Oracle Market Share in Cloud Services

      He continues with a comment on Oracle's rising revenues:
      The company [Oracle] is providing a service, of which there has been very few complaints -- at least not according to the rising revenues, which suggest it's stealing share from rivals such as salesforce.com. And Oracle is not the cheapest on the market, either. So, there's a reason why customers are willing to pay the premium. And it's not because these corporate CIOs are dumb.
      Yes, Oracle's revenues are rising. But those of Salesforce.com are rising also, up 37% in 2012. Furthermore, while all of the revenues of SFDC are derived from cloud computing, only a small percentage of Oracle's are. So to impute on the basis of revenues that Oracle is taking market share from Salesforce.com is ludicrous. Certainly, in my own firm's work advising buyers in software selection, I do not see Oracle taking market share from Salesforce.com. In fact, in CRM, I see deals in which buyers want to look at Salesforce but do not even consider Oracle, especially in the midmarket.

      As far as software pricing is concerned, neither do I see Oracle as commanding a premium price over Salesforce.com, or over other application vendors for that matter. In fact, Oracle is notorious for competing on price when it really wants a competitive deal, as it knows it can make it up on maintenance revenue in the future.

      But the author wouldn't know that, because he does not advise technology buyers, nor is he in a position to see actual deals going down.

      Oracle's Engineered Systems Are Not "Cloud"

      He then confuses Oracle's new Exa-boxes with cloud services.
      However, David Linthicum of InfoWorld thinks [CIOs are] idiots (I'm paraphrasing that a bit), which doesn't make sense. CIOs are spending billions annually with Oracle. But in Linthicum's recent article, he insists they don't know what they're buying: "Oracle is continuing its faux cloud strategy, adding to its private-cloud infrastructure offering the ability to rent for a monthly fee preconfigured application servers to be deployed in customer data centers. The available application servers -- what Oracle calls 'engineered systems'"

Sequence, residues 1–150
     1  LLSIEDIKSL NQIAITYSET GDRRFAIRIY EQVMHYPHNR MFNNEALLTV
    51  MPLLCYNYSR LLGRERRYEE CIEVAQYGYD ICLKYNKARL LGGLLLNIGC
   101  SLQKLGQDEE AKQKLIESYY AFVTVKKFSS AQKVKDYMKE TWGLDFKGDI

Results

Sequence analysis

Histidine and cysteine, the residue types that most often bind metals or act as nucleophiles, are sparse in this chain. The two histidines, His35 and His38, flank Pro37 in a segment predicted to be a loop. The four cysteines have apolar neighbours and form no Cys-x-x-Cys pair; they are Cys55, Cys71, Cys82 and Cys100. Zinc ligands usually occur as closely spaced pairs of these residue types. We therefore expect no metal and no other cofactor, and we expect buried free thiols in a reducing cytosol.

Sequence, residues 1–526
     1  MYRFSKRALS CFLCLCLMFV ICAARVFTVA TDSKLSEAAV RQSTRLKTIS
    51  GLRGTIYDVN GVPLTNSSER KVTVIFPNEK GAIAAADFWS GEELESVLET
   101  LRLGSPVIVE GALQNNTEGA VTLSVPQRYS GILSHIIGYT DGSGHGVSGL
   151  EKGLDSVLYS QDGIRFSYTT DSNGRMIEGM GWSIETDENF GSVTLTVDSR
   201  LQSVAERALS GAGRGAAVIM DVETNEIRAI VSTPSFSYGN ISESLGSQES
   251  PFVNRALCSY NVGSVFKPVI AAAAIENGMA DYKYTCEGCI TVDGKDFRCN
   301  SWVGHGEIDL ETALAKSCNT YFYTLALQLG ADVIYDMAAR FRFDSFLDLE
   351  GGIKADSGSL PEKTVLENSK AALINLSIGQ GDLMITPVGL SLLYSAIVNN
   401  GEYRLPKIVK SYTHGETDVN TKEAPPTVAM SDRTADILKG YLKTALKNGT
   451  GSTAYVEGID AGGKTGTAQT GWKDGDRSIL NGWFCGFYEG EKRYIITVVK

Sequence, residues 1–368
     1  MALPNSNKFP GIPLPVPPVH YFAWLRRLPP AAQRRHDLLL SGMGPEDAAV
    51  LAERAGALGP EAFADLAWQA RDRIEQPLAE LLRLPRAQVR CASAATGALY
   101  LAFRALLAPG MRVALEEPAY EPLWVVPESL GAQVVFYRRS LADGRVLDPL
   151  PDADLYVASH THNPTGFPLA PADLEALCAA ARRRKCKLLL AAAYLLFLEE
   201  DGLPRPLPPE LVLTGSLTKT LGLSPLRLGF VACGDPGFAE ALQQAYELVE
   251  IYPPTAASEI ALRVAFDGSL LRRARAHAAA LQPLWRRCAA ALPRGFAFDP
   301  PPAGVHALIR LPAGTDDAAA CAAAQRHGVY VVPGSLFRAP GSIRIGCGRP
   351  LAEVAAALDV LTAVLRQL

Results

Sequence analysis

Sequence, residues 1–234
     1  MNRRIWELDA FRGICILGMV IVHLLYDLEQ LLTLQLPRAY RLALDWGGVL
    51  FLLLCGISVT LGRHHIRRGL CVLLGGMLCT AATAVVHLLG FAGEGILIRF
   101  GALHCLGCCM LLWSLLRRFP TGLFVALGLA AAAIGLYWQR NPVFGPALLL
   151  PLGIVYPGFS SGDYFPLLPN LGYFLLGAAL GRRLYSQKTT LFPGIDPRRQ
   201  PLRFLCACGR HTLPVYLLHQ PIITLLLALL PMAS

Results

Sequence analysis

The author can be forgiven for this misunderstanding, as Oracle itself confuses this issue, which is the whole point of Linthicum's criticism. The basic point is that cloud computing is a "service," whereas Oracle's computer hardware (whether old school Sun commodity servers, or Oracle's new "engineered systems") is a physical product. Renting Oracle hardware does not magically turn the hardware into a cloud service.

      Oracle's Engineered Systems Are an Old Concept

      He continues with the impression that Oracle's Exa-boxes are somehow a new concept. 
      Linthicum clearly has an ax to grind. While he's going all-out on Oracle's product portfolio, rival companies have been working hard to duplicate Oracle's offerings. For instance, IBM has a rival offering called PureSystems -- launched three years after Oracle's Engineered Systems, or ES. And, after Oracle has already deployed ES to more than 1,000 customers in 43 countries, IBM followed. Big Blue has gained traction, but not to the extent of Oracle. And I doubt that IBM would have followed a model it didn't think had sustaining potential.
      The author appears unaware that Oracle is attempting to return to the IBM era of the 1960s. In fact, Larry Ellison has said so himself. The IBM mainframe at the time was a single integrated platform of hardware, operating system, database, and applications engineered from the ground up to work together. IBM's AS/400 series of machines (now called Series i) took this concept even further. What broke up IBM's dominance in the mainframe era was the fact that these boxes were all based on proprietary standards, and eventually low cost commodity hardware (whether IBM personal computers, or later, Unix boxes from providers such as Sun) could do the job much more cost effectively. The downside was that the new approach led to challenges in system integration, in making all the layers of the technology stack work together.